But ultimately I feel like the current superhero movie trend is analogous to eating nothing but delicious chocolate cake for an entire year. I mean, I love me some chocolate cake but I'd be pretty tired of it before a quarter of the hypothetical year had passed. Even Marvel's use of terms like "phase 2" and "phase 3" sounds corporate and mass-produced, like the cinematic equivalent of fast food.
The "it's only a movie argument" doesn't apply to superhero movies at all; I refute that from start to finish. If anything, that applies to Bayverse works like Transformers, TMNT and G.I.Joe, some of which have still be hugely entertaining. Audiences are much less accepting of cinema stupidity these days (hence the ever-present shift towards realism)
I agree dismissing an entire genre is stupid, but equally well it doesn't mean that all, or the majority, of the films of that genre are going to be good. On the whole, I feel like superhero movies are just becoming repetitive. I disliked The Avengers because, even though it was well-made, we already knew before the opening credits had started how this film was going to end (i.e. the heroes save the day), and, as such, any tension or dramatic build-up is surgically removed. Loki is basically a spoiled brat with superpowers, which isn't bad per se but, I feel, is comparatively non-threatening. The result is something that is well-crafted and nice to look at, but ultimately feels insubstantial--and therefore does only feel like "just a movie". By contrast, The Dark Knight works because The Joker is genuinely terrifying, and completely unpredictable.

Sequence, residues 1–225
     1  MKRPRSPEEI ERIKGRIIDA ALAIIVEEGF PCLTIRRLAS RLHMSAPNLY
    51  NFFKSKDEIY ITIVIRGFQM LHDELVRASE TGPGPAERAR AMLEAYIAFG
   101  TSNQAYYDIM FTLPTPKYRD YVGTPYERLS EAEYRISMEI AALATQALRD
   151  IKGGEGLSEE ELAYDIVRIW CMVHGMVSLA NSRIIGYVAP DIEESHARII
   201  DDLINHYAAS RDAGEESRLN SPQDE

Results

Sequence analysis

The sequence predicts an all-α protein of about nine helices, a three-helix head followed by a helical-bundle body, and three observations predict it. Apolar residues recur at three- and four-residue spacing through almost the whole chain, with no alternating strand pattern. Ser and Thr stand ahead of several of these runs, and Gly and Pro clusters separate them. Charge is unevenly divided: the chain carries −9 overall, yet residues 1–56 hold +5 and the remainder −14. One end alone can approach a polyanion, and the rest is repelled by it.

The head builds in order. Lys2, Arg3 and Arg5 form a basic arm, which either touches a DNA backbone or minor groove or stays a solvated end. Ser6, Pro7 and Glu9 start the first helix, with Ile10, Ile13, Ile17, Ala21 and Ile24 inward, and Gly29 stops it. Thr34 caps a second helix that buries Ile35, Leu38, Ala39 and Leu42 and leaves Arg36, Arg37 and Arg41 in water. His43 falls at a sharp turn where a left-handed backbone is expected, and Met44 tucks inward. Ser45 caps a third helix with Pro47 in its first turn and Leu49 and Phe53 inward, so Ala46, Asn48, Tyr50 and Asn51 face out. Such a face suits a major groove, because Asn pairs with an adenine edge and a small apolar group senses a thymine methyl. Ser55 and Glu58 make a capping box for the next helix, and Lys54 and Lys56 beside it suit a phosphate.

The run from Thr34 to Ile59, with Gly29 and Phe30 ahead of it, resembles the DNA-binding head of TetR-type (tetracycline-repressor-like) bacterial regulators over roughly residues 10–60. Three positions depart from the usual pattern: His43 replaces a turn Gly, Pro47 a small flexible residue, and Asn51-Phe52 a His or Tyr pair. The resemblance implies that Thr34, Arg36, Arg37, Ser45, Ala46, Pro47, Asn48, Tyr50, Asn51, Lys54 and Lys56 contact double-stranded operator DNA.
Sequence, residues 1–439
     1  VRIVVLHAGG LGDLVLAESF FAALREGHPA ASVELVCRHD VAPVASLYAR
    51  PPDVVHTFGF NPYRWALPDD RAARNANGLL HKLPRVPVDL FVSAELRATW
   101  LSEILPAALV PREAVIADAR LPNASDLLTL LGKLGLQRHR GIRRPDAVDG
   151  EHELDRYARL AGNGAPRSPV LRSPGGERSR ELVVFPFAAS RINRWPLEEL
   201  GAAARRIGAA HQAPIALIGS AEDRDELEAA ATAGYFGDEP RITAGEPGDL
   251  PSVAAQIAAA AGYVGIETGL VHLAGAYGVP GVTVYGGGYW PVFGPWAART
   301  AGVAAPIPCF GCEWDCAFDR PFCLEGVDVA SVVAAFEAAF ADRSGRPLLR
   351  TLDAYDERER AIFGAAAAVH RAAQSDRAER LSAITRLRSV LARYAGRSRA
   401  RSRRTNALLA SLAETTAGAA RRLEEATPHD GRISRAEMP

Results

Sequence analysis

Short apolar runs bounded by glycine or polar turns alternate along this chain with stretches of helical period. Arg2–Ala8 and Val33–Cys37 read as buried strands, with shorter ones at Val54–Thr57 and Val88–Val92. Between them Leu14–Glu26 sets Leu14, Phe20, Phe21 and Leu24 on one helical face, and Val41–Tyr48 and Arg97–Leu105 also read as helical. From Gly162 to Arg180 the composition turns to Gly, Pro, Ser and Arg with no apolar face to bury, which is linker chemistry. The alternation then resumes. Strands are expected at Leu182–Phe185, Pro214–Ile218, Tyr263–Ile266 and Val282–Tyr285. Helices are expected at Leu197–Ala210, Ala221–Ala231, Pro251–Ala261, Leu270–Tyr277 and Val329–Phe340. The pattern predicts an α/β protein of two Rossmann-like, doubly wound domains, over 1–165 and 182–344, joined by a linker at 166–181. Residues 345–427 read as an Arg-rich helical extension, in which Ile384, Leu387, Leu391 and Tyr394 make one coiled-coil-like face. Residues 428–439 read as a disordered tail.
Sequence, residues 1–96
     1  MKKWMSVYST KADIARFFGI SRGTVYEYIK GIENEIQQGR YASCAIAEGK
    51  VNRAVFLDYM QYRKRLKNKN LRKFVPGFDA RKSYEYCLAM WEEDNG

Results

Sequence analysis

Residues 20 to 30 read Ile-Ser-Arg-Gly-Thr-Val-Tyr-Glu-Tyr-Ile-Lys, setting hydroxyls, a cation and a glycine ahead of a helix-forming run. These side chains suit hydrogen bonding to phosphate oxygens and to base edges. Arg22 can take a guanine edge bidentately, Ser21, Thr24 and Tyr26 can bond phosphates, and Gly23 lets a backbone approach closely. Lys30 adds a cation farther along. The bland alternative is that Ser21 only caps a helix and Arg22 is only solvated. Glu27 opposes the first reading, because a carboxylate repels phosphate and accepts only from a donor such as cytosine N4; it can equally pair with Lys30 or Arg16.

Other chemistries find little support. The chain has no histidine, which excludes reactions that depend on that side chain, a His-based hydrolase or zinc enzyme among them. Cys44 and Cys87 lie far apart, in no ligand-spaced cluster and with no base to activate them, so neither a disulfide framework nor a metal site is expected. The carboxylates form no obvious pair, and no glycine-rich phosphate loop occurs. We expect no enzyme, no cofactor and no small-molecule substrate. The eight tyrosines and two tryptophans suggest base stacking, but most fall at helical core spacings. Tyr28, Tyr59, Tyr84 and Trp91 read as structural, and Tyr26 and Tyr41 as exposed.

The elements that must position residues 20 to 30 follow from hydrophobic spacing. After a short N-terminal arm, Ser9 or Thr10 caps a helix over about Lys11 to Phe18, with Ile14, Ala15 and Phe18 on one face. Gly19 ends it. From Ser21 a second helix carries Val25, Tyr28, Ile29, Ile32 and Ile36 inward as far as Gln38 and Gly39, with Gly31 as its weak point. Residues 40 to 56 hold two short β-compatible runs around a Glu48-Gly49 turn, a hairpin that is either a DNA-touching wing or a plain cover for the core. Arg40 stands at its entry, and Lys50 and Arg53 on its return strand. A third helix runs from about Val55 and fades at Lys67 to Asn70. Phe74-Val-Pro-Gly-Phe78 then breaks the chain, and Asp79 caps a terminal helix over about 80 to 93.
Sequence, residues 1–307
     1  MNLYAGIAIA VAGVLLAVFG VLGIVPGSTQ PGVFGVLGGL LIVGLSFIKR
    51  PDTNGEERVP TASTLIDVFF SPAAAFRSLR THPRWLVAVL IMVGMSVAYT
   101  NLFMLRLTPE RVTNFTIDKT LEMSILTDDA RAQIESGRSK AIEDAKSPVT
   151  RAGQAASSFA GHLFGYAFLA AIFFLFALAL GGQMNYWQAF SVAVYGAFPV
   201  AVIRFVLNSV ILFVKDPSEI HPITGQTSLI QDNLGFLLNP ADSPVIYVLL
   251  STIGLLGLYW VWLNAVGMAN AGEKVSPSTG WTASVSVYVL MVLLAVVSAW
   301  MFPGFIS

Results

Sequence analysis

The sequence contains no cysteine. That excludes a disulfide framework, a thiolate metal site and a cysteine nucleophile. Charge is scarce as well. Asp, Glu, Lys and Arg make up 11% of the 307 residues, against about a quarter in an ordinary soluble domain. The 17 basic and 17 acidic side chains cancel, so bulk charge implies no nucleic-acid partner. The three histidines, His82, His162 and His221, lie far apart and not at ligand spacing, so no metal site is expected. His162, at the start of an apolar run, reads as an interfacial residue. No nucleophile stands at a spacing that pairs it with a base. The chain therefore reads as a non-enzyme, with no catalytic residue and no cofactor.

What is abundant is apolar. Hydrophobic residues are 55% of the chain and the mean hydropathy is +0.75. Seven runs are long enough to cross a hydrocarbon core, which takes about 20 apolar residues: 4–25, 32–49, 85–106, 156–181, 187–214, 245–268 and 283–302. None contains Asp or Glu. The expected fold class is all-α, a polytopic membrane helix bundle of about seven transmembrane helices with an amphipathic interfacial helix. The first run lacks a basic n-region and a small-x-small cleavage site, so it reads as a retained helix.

Also, "realism" =/= non-stupidity.
This is one of the things that often annoys me about film buffs, is the attitude that only artful works are worth the film they're shot on (not a perfect metaphor in the digital age, but bear with me). Film is first and foremost a visual medium, and the beauty of any artform is that your story can be as abstract and complex as you like, but can also revel in its own simplicity. And also, it's there to be enjoyed.